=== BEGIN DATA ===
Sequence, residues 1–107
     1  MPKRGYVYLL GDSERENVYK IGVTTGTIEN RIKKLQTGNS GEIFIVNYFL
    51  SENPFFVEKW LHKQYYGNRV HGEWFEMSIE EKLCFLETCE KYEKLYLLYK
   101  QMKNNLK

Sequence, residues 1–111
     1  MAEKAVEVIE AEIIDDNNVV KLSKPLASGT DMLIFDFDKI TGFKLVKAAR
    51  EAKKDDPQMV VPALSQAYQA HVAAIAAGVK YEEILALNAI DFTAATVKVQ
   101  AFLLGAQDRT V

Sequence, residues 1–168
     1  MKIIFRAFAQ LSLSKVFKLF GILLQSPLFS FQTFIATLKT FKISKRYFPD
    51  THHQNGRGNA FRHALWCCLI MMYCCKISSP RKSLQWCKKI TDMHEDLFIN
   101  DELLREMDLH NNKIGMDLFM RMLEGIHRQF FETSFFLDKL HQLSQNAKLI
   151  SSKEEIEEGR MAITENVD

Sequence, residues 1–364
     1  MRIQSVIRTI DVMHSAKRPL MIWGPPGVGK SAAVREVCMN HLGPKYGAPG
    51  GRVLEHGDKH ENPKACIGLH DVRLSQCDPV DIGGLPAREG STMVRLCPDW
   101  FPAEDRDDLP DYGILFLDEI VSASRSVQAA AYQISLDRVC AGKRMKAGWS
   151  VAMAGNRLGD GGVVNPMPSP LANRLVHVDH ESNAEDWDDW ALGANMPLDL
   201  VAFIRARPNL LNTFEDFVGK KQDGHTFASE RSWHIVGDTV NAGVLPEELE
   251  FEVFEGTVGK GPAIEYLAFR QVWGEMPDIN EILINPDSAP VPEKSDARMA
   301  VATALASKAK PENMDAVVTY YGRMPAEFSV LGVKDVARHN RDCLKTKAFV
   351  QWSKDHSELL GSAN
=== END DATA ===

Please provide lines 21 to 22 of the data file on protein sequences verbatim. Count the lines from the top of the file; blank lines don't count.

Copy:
   301  VATALASKAK PENMDAVVTY YGRMPAEFSV LGVKDVARHN RDCLKTKAFV
   351  QWSKDHSELL GSAN